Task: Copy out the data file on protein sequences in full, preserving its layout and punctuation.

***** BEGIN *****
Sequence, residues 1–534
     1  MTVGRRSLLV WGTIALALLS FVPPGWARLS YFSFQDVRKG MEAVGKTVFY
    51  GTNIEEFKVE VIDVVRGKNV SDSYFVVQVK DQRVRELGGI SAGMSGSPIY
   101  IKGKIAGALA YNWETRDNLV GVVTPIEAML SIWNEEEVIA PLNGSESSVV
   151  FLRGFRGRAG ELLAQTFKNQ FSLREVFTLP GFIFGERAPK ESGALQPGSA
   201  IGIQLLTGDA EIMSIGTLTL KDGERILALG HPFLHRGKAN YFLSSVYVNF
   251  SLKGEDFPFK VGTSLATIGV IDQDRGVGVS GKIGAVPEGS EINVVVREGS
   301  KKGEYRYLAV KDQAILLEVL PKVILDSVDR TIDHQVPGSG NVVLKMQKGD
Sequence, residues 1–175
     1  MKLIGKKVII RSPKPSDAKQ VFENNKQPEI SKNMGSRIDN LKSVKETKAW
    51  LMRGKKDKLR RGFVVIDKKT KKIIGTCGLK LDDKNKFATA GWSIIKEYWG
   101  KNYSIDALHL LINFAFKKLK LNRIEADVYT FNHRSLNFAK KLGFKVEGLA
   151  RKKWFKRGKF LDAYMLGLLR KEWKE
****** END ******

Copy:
Sequence, residues 1–534
     1  MTVGRRSLLV WGTIALALLS FVPPGWARLS YFSFQDVRKG MEAVGKTVFY
    51  GTNIEEFKVE VIDVVRGKNV SDSYFVVQVK DQRVRELGGI SAGMSGSPIY
   101  IKGKIAGALA YNWETRDNLV GVVTPIEAML SIWNEEEVIA PLNGSESSVV
   151  FLRGFRGRAG ELLAQTFKNQ FSLREVFTLP GFIFGERAPK ESGALQPGSA
   201  IGIQLLTGDA EIMSIGTLTL KDGERILALG HPFLHRGKAN YFLSSVYVNF
   251  SLKGEDFPFK VGTSLATIGV IDQDRGVGVS GKIGAVPEGS EINVVVREGS
   301  KKGEYRYLAV KDQAILLEVL PKVILDSVDR TIDHQVPGSG NVVLKMQKGD
Sequence, residues 1–175
     1  MKLIGKKVII RSPKPSDAKQ VFENNKQPEI SKNMGSRIDN LKSVKETKAW
    51  LMRGKKDKLR RGFVVIDKKT KKIIGTCGLK LDDKNKFATA GWSIIKEYWG
   101  KNYSIDALHL LINFAFKKLK LNRIEADVYT FNHRSLNFAK KLGFKVEGLA
   151  RKKWFKRGKF LDAYMLGLLR KEWKE